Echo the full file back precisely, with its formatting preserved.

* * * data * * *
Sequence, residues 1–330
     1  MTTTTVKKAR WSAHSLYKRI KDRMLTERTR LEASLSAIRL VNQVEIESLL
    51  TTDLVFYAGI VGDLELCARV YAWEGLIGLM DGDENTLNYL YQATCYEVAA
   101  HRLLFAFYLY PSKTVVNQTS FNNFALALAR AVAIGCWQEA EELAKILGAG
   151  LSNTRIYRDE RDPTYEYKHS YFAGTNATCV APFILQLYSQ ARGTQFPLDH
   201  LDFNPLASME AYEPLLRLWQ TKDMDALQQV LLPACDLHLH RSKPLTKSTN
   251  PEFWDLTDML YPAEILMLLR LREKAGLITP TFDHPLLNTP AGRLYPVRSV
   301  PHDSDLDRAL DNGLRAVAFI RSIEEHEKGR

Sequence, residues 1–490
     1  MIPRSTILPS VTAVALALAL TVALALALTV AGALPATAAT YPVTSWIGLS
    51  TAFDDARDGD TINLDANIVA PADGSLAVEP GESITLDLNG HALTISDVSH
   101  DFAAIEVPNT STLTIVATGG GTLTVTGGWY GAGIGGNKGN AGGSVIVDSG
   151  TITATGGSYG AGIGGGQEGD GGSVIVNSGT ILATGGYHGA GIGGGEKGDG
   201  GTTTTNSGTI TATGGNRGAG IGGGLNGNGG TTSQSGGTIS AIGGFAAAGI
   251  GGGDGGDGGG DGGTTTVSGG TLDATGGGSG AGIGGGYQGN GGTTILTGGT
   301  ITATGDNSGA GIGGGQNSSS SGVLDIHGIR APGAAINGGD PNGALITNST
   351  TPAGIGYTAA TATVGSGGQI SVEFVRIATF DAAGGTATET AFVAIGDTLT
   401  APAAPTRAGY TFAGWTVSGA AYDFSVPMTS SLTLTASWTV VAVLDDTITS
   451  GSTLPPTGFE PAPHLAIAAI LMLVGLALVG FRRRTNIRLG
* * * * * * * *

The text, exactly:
Sequence, residues 1–330
     1  MTTTTVKKAR WSAHSLYKRI KDRMLTERTR LEASLSAIRL VNQVEIESLL
    51  TTDLVFYAGI VGDLELCARV YAWEGLIGLM DGDENTLNYL YQATCYEVAA
   101  HRLLFAFYLY PSKTVVNQTS FNNFALALAR AVAIGCWQEA EELAKILGAG
   151  LSNTRIYRDE RDPTYEYKHS YFAGTNATCV APFILQLYSQ ARGTQFPLDH
   201  LDFNPLASME AYEPLLRLWQ TKDMDALQQV LLPACDLHLH RSKPLTKSTN
   251  PEFWDLTDML YPAEILMLLR LREKAGLITP TFDHPLLNTP AGRLYPVRSV
   301  PHDSDLDRAL DNGLRAVAFI RSIEEHEKGR

Sequence, residues 1–490
     1  MIPRSTILPS VTAVALALAL TVALALALTV AGALPATAAT YPVTSWIGLS
    51  TAFDDARDGD TINLDANIVA PADGSLAVEP GESITLDLNG HALTISDVSH
   101  DFAAIEVPNT STLTIVATGG GTLTVTGGWY GAGIGGNKGN AGGSVIVDSG
   151  TITATGGSYG AGIGGGQEGD GGSVIVNSGT ILATGGYHGA GIGGGEKGDG
   201  GTTTTNSGTI TATGGNRGAG IGGGLNGNGG TTSQSGGTIS AIGGFAAAGI
   251  GGGDGGDGGG DGGTTTVSGG TLDATGGGSG AGIGGGYQGN GGTTILTGGT
   301  ITATGDNSGA GIGGGQNSSS SGVLDIHGIR APGAAINGGD PNGALITNST
   351  TPAGIGYTAA TATVGSGGQI SVEFVRIATF DAAGGTATET AFVAIGDTLT
   401  APAAPTRAGY TFAGWTVSGA AYDFSVPMTS SLTLTASWTV VAVLDDTITS
   451  GSTLPPTGFE PAPHLAIAAI LMLVGLALVG FRRRTNIRLG